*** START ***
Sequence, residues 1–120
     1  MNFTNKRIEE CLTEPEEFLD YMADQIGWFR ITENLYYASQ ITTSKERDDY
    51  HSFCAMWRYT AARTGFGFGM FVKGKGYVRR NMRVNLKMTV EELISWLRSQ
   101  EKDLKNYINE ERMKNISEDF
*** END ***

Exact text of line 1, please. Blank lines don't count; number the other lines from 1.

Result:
Sequence, residues 1–120